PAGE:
Dreams are an essential human experience. They tell us what we desire, what we lack, what we need, and what we should work toward. We may dream while we are in bed, but the dreams that guide us while we awake are just as important. The book of Genesis contains many famous dreams, and this week’s Vayeitzei, contains one of the most famous dreams ever recorded: the vision of Jacob’s ladder.,
The dream’s central image is a ladder reaching from the ground up to the heavens with angels going up and coming down. This text has fired the imagination of both commentators and artists, casual readers and religious visionaries. In this reflection, given the ladder is grounded on the earth, I want to reflect on the different locations suggested for the dream in our commentaries.
The word makom, “place,” is mentioned three times in the description of Jacob’s ladder, and there are three possible earthly locations mentioned: Beersheva, Mount Moriah (the Temple mount), and Mount Sinai. Each of them challenges us to ground our dreams and visions in a distinct way.
The significance of the name Beersheva appears in Genesis 21: 27, 31:
Abraham took sheep and oxen and gave them to Abimelech, and the two of them made a pact…Hence the place was called Beer-sheba, for there the two of them swore an oath.
The first home of the Jewish people is a place where an agreement is struck between the family of Abraham and the people of the land. This dream, therefore, faces outward, challenging us to connect with and value people with different rituals, history, and values. The divine promise to our people stands on our ability to reach out and respect those identified as “other.”is an essential element of these Jewish dreams.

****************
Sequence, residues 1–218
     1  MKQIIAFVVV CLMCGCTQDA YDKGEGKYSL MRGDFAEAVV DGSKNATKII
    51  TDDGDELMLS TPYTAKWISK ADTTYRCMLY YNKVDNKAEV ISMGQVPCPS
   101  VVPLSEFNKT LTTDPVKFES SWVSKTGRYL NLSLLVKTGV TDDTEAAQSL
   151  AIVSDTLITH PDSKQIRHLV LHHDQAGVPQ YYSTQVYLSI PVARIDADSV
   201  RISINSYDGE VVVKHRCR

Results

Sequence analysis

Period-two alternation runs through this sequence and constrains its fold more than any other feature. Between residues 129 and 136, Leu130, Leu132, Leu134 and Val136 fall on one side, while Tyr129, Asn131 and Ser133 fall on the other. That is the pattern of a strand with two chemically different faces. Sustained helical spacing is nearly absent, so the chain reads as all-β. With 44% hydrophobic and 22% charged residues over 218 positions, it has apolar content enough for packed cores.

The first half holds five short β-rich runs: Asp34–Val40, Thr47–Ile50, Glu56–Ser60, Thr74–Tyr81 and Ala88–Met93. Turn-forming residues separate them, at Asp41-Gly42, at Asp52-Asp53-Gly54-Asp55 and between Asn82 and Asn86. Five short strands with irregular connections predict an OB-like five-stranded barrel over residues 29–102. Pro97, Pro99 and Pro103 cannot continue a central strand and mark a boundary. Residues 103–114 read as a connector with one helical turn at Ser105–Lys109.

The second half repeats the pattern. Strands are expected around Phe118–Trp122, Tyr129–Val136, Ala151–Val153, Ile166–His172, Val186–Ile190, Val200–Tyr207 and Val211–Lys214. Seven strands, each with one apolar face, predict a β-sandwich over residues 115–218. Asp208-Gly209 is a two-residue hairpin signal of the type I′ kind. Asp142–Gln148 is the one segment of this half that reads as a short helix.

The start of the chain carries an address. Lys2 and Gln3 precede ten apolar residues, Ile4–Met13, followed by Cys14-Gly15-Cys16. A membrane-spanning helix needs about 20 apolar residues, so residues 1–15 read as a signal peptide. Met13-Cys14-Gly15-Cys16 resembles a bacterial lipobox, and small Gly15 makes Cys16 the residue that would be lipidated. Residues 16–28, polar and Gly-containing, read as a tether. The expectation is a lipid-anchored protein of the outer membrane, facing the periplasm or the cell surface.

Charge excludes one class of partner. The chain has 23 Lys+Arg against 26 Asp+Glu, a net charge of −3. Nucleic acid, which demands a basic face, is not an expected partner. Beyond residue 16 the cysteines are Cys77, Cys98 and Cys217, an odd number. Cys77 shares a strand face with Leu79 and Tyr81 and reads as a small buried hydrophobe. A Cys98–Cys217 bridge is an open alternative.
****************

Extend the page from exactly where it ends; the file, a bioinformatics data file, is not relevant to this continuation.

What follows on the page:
Another suggested location is Mount Moriah (or Mount Zion). This location is the backdrop for thein the next chapter of Genesis and for all future (actual) sacrifices offered by Israel. The act of sacrifice is called korban, which means “drawing near.” While the ancient Temple rites were detailed religious ceremonies, their primary purpose was to draw Israel closer to God, to the covenant between the Jewish people and the Holy One. The Beit HaMikdash, the ancient Temple in Jerusalem, was a place focussed on internal Jewish images, realities, and rites. While we are drawn to a wider world, Mount Moriah symbolizes responsibility for specific Jewish traditions, learning, and destiny. If we do not have dreams of who can become, who will?
Mount Sinai’s suggestion as a possible location is based partly in gematria, Jewish numerology. In his commentary, Rabbi Joseph Karo notes that the Hebrew word for ladder, sulam, spelled without a vav in the Torah, has a numerical value of 130: the same value as the name Sinai. This name, which happens to be the name of the congregation I serve in Toronto, is not some geographical reference. Sinai is the place of revelation, of sharing spiritual truth and learning. It is the name of the full connection between human beings and God. I believe many of us are hungry today for sacred dreams and holy visions.
Certainly, we can all participate in these kinds of dreams, and not only while we’re asleep. Our individual natures may tend most toward Jewish learning, spirituality, and mysticism, tikkun olam, or something else entirely. I believe we should follow our individual dreams and hone our special abilities so that we can strengthen those around us and ourselves.
In what ways will you dream this week?